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Mitochondrial encephalomyopathy, lactic acidosis, and stroke-like episodes

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Description

Mitochondrial encephalomyopathy, lactic acidosis, and stroke-like episodes (MELAS) is a condition that affects many of the body's systems, particularly the brain and nervous system (encephalo-) and muscles (myopathy). The signs and symptoms of this disorder most often appear in childhood following a period of normal development, although they can begin at any age. Early symptoms may include muscle weakness and pain, recurrent headaches, loss of appetite, vomiting, and seizures. Most affected individuals experience stroke-like episodes beginning before age 40. These episodes often involve temporary muscle weakness on one side of the body (hemiparesis), altered consciousness, vision abnormalities, seizures, and severe headaches resembling migraines. Repeated stroke-like episodes can progressively damage the brain, leading to vision loss, problems with movement, and a loss of intellectual function (dementia).

Most people with MELAS have a buildup of lactic acid in their bodies, a condition called lactic acidosis. Increased acidity in the blood can lead to vomiting, abdominal pain, extreme tiredness (fatigue), muscle weakness, and difficulty breathing. Less commonly, people with MELAS may experience involuntary muscle spasms (myoclonus), impaired muscle coordination (ataxia), hearing loss, heart and kidney problems, diabetes, and hormonal imbalances.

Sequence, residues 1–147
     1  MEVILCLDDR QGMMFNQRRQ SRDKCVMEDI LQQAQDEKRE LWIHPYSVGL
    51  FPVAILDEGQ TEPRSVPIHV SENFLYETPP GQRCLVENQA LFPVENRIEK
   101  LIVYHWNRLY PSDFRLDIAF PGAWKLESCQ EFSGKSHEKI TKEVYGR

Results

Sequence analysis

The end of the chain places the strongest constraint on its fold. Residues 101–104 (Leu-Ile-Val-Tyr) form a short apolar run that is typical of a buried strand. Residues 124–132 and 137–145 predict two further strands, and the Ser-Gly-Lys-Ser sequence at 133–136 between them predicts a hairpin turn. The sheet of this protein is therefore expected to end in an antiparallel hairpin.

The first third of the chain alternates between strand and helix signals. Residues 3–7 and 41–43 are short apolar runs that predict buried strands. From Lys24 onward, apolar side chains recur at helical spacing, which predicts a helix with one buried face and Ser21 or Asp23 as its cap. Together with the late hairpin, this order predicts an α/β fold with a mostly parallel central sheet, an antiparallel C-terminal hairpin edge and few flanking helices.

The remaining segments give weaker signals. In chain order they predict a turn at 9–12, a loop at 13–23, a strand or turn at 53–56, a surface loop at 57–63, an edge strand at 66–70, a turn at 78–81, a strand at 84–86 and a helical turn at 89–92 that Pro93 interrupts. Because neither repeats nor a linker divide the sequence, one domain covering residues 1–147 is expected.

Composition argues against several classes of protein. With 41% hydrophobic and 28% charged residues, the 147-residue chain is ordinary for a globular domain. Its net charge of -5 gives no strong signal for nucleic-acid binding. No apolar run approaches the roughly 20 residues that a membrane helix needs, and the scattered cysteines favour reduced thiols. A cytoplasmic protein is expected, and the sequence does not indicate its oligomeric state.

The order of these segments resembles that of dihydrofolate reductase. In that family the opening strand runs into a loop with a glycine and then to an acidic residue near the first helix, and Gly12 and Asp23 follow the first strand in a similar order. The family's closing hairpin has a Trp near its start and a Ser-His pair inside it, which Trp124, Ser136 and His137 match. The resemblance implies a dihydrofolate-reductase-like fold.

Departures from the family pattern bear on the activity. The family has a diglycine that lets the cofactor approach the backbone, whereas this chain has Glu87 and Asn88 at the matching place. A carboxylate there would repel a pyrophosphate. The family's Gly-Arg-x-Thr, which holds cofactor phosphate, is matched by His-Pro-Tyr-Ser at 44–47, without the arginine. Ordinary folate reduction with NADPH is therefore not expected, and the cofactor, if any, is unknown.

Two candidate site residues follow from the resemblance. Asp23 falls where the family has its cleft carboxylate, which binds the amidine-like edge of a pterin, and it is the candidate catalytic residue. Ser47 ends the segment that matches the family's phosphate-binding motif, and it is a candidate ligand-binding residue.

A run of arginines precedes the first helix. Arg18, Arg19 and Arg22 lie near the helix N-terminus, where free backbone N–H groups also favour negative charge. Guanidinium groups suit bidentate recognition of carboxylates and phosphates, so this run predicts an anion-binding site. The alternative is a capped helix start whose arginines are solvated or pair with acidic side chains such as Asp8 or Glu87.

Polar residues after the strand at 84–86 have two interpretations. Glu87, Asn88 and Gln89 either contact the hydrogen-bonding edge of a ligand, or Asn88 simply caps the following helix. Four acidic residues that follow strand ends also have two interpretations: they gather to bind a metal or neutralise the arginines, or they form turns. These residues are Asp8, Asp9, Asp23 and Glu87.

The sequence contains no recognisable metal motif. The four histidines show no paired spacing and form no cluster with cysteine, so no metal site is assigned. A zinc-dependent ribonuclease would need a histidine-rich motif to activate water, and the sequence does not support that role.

Frequency

The exact incidence of MELAS is unknown. It is one of the more common conditions in a group known as mitochondrial diseases. Together, mitochondrial diseases occur in about 1 in 4,000 people.

Causes

MELAS can result from mutations in one of several genes, including MT-ND1, MT-ND5, MT-TH, MT-TL1, and MT-TV. These genes are found in the DNA of cellular structures called mitochondria, which convert the energy from food into a form that cells can use. Although most DNA is packaged in chromosomes within the nucleus, mitochondria also have a small amount of their own DNA, known as mitochondrial DNA or mtDNA.

Some of the genes related to MELAS provide instructions for making proteins involved in normal mitochondrial function. These proteins are part of a large enzyme complex in mitochondria that helps convert oxygen, fats, and simple sugars to energy. Other genes associated with this disorder provide instructions for making molecules called transfer RNAs (tRNAs), which are chemical cousins of DNA.  These molecules help assemble protein building blocks called amino acids into full-length, functioning proteins within mitochondria.

Mutations in a particular transfer RNA gene, MT-TL1, cause more than 80 percent of all cases of MELAS. These mutations impair the ability of mitochondria to make proteins, use oxygen, and produce energy. Researchers have not determined how changes in mtDNA lead to the specific signs and symptoms of MELAS.  They continue to investigate the effects of mitochondrial gene mutations in different tissues, particularly in the brain.